Monday 27 October

I could have used a better night’s sleep, but I’m not the only one whose body clock is not cooperating. We have an early buffet breakfast at the hotel and then transfer to Miri airport where our baggage and we ourselves are weighed, ready for the short hop to Mulu. It seems that we have comfortably exceeded our weight allowance, and there is a RM17 excess per person to pay (about £2.80).

A 19-seater Hornbill Skyways Dornier 228-200 carries us up and away over green rain forest. A chocolate brown river snakes away into the distant haze. At first the terrain is quite flat – trees, rivers, and ox-bow lakes. We pass above a small town, and then the trees become more dense and the contours come to resemble a ruffled blanket. The logging tracks finally peter out and then it is unbroken canopy.

Mulu Airport Mulu Airport

We approach big hills, vertical limestone crags exposed here and there on their flanks, and get our first view of the limestone pinnacles as we fly down a narrow and curving valley on our final approach to the airstrip at Mulu. We seem to almost brush the trees as we snake down to the runway.

Mulu is a small resort village deep in the jungle. A mini bus takes us in two loads down the only road to the place where we will be staying. Just across the Melinau River is the very up-market Royal Mulu Resort with its raised walkways and swimming pool, but we are not complaining – we have all to ourselves a beautiful wooden stilt-house divided into double rooms facing out onto a veranda. Outside are pleasant gardens and a couple more houses similar to ours let to other groups. Just across the way is the dining room. It is already swelteringly hot, and the first priority is to get down to the river for a cooling swim. It is very refreshing, although not altogether as clean as I might have expected.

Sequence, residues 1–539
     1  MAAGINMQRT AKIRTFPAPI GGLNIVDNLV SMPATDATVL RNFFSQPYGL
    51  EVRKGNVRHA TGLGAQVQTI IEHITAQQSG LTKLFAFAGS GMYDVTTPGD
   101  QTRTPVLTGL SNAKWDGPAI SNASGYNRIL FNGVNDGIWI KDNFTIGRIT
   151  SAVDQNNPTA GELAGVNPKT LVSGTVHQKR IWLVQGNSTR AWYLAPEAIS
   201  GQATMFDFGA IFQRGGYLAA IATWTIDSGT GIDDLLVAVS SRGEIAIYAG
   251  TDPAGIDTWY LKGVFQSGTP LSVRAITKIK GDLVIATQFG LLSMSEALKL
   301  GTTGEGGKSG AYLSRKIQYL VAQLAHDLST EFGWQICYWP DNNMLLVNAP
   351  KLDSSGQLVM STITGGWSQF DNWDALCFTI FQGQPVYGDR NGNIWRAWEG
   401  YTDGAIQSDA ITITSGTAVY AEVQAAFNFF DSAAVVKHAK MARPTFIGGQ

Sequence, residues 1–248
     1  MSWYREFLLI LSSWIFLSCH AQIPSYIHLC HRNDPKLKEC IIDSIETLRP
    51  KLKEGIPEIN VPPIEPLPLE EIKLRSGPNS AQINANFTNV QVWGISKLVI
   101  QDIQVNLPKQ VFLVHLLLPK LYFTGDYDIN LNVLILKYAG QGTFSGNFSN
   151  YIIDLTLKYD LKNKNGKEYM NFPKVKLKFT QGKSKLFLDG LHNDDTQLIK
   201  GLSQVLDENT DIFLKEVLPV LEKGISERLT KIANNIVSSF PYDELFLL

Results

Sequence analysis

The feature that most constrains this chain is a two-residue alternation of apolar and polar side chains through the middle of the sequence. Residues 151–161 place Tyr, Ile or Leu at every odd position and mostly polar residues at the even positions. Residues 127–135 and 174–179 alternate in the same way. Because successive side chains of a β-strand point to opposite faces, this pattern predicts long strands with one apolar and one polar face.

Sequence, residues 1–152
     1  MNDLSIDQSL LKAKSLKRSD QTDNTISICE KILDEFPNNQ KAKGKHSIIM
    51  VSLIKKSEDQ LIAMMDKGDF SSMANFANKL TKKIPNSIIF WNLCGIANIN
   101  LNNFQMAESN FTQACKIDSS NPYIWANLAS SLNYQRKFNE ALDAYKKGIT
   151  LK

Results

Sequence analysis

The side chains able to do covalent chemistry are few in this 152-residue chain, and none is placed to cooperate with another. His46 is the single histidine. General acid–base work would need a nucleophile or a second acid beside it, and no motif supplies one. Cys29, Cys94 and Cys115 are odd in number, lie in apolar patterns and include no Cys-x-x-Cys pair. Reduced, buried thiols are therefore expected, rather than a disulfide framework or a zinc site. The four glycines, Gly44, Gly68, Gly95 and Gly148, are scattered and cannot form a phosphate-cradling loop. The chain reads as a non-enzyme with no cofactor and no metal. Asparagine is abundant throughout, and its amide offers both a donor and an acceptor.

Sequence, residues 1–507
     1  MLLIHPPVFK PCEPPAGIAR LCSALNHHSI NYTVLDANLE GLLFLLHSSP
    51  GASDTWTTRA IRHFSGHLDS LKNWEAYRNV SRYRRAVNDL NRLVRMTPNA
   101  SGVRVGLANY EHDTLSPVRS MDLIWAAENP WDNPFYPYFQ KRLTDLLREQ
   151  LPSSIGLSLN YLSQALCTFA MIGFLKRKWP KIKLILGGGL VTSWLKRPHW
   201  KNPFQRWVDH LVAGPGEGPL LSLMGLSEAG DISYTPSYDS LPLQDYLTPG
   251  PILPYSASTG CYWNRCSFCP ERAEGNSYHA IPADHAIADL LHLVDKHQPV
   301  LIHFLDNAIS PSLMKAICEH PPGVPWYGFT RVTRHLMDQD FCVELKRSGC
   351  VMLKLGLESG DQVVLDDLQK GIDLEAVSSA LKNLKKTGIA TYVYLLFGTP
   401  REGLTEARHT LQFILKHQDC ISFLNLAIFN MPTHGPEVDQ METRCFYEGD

After lunch we take a longboat up the Melinau River into the Mulu National Park. We begin with a gentle 3 km board walk into the jungle, and see various millipedes, a praying mantis, and hairy caterpillars (which Chris warns us not to touch). He also introduces us to the ubiquitous rattan, or “wait a minute” plant, so called because that’s what you say when you get entangled in its clutches. It is sticky-hot and I’m feeling very jet-lagged.

Board Walk Board Walk, Mulu National Park
Deer Cave Entrance to Deer Cave

We reach Deer Water Cave, a small hole in the rock at the head of a dried up stream, a modest prelude to the main attractions to come. A short distance further on is Deer Cave. The entrance towers above us, a gaping hole in the cliff face. But first we look into Lang’s cave, which has some impressive stalagmites and stalactites.

Back at Deer Cave, the bats are just beginning to wake up and start flying around above us. Looking back towards the entrance, we see the famous silhouette profile of Abraham Lincoln, and then hurry back to watch the spectacle of millions of bats leaving the cave to hunt insects at night.

(magnify) Bats flying from Deer Cave

A thin continuous plume of bats is emerging from the cave mouth. Just below the entrance, there is a swirling swarm of them, and then spilling upwards over the lip of the cave a column forms and snakes out into the dusk sky above us. A couple of bat hawks circle nearby looking for easy pickings.

Back at the bat observatory, a short distance from the cave mouth, we have an even better view. The plume continues to stream out of the cave, corkscrewing across the sky and disappearing beyond the trees behind us. After about forty-five minutes the stream abruptly stops, only to restart a few minutes later, but this time like a dragon’s head, rearing up higher into the sky. This plume is short-lived, but is followed by another, and then another. These ones (a different species) fly higher and the stream bifurcates. It is an awesome spectacle.

On the dot of six o’clock, as we return to the park entrance along the board walk, a sound almost like a distant factory siren starts up. Chris explains that this is the sound of the six o’clock cicada, and for years local people have used it to tell them when they had reached the end of the working day.

We arrive back at the lodge after dark. Our room is very hot, so to try to cool things down a little I open all the windows to let a draught blow through before turning on the light.